Avoid setting the same password for different social media accounts, privacy commissioner Ada Chung Lai-ling appealed to citizens after Facebook leaked the personal information of 2.93 million Hongkongers.
The Hongkongers, among over 500 million Facebook
users around the globe, saw their names, Facebook
IDs, email addresses, phone numbers, locations, dates of birth and other biographical information being leaked and uploaded to a hack site for free browsing in 2019, according to recent local media reports.
Speaking on a radio program today, Chung said citizens should also regularly check their privacy settings on cross-platform social media.
"Users can restrict the extent of social media disclosing their profiles and tracking their activities as well as their usage of face recognition systems,” she said.
“They should think twice before sharing or publishing any content on social media as well.”
She also appealed to citizens to be clear about the terms and conditions laid out on social media.
Chung said the Office of the Privacy Commissioner for Personal Data was highly concerned about the data breach incident and had been looking into it.
The office had contacted Facebook
’s Hong Kong office, requiring the social media giant to initiate a compliance check on the incident’s particulars, the total number of Hong Kong users affected and personal data involved, she said.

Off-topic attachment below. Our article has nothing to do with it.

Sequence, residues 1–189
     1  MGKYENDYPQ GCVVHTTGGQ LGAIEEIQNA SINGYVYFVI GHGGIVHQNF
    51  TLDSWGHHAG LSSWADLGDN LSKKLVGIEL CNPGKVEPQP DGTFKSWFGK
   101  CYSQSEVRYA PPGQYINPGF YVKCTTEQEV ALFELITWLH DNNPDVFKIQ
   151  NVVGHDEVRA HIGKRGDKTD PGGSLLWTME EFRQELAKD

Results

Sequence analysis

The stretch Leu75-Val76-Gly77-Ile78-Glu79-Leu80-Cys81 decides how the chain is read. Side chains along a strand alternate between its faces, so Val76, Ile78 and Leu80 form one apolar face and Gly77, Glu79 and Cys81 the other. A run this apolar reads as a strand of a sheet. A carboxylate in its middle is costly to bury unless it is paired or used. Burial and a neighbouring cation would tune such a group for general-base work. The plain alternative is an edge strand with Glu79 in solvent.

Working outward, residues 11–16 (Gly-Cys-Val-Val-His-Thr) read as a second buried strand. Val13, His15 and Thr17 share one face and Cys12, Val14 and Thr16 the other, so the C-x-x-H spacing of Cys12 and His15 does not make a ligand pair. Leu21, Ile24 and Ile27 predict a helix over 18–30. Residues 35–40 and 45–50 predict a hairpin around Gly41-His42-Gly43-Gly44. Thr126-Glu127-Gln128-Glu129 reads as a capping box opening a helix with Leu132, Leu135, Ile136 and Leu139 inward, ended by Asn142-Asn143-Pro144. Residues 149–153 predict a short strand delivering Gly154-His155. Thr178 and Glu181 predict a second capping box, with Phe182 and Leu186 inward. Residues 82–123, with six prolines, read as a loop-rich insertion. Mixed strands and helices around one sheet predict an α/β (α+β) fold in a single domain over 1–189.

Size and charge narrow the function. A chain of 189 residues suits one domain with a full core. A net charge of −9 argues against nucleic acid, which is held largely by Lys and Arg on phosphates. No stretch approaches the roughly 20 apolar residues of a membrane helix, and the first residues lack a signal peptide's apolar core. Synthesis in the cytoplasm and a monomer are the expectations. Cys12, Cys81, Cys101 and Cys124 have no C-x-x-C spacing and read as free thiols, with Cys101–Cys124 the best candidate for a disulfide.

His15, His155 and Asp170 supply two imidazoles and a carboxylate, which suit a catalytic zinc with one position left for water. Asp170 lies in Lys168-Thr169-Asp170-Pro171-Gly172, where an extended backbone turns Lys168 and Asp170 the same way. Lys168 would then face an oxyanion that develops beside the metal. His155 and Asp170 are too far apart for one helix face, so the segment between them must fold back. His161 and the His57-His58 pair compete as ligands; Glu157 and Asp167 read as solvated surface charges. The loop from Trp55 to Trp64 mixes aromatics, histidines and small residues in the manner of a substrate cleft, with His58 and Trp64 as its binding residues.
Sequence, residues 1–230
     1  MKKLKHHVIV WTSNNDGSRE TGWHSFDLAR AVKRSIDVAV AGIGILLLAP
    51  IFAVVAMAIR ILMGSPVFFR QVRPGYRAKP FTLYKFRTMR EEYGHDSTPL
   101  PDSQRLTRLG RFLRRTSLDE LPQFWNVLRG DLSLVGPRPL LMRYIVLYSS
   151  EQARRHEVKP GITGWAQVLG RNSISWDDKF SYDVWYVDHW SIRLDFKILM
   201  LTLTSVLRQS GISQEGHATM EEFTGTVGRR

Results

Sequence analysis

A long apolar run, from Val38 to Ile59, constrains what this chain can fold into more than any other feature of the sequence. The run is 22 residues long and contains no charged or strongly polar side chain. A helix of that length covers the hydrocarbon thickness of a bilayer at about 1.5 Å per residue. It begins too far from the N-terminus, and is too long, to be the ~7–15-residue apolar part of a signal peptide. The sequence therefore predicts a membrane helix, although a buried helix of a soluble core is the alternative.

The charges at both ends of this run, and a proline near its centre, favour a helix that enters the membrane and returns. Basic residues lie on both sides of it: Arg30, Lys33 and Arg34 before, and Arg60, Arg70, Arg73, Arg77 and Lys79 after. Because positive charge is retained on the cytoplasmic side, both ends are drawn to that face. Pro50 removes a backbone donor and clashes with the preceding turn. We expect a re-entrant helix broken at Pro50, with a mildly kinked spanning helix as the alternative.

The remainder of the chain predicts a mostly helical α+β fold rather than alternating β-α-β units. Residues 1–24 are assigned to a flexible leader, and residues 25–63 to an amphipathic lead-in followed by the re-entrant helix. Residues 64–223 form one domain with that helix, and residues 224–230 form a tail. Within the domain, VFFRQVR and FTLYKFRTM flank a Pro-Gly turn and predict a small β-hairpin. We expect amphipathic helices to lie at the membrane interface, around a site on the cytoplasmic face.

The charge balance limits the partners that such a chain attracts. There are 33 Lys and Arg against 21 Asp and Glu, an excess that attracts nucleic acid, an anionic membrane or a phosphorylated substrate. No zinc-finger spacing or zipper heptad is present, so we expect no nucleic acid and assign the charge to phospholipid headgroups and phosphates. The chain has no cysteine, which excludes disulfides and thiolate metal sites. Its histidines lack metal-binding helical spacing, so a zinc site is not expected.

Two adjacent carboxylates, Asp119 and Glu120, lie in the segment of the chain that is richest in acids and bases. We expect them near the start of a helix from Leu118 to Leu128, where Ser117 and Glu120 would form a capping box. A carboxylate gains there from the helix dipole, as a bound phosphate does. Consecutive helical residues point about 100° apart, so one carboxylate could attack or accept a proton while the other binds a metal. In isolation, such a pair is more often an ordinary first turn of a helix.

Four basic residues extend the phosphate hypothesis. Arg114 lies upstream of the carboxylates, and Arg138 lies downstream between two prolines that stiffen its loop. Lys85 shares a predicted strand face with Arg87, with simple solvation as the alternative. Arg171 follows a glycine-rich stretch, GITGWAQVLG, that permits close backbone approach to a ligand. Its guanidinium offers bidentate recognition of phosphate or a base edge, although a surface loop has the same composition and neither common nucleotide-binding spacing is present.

Chung added that the office had reminded Facebook
to alert affected Hong Kong users as soon as possible.
She also appealed to citizens who doubted their personal data had been leaked to make queries or complaints to the office or relevant social media platforms.
“If users have recently received emails or calls of unknown origins amid the Facebook
incident, they should be careful,” she said.
Francis Fong Po-kiu, honorary president of the Hong Kong Information Technology Federation, said even though the data breach incident happened two years ago, leaked personal information could still be eyed by criminals.
“Citizens should regularly change the passwords of their social media accounts and activitate the two-factor authentication feature in case of safety," he said.
Po said hackers might use the leaked personal information for resales or blackmailing Facebook
or their users as well.
“Hackers might set up phishing websites using the personal information...Users should stay alert,” he said.